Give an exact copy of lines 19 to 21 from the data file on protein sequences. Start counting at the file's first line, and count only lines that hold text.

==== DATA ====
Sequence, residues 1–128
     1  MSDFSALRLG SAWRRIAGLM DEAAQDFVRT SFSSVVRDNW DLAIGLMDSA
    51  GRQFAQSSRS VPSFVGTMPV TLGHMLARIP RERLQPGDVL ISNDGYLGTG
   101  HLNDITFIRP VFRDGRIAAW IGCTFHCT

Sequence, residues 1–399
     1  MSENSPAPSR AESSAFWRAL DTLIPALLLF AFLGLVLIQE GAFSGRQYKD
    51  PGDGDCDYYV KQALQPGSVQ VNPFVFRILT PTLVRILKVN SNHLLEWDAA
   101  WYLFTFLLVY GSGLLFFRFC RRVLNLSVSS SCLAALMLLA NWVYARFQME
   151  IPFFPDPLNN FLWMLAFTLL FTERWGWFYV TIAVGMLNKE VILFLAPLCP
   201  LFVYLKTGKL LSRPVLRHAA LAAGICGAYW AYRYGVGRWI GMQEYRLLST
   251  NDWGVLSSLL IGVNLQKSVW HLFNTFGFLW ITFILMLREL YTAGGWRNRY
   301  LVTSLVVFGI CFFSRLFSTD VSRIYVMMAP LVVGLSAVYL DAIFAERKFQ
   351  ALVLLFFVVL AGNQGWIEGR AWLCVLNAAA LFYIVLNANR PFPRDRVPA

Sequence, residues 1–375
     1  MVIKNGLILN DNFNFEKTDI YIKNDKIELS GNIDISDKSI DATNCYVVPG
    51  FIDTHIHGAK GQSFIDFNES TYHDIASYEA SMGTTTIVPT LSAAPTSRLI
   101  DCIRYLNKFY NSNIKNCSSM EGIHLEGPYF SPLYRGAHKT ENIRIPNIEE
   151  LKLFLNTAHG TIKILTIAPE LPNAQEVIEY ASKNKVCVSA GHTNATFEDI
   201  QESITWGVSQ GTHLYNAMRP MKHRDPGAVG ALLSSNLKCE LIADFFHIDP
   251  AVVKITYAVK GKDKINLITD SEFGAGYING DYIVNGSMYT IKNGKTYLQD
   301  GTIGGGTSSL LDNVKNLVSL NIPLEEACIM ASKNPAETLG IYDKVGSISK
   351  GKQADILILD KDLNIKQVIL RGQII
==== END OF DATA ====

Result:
   201  QESITWGVSQ GTHLYNAMRP MKHRDPGAVG ALLSSNLKCE LIADFFHIDP
   251  AVVKITYAVK GKDKINLITD SEFGAGYING DYIVNGSMYT IKNGKTYLQD
   301  GTIGGGTSSL LDNVKNLVSL NIPLEEACIM ASKNPAETLG IYDKVGSISK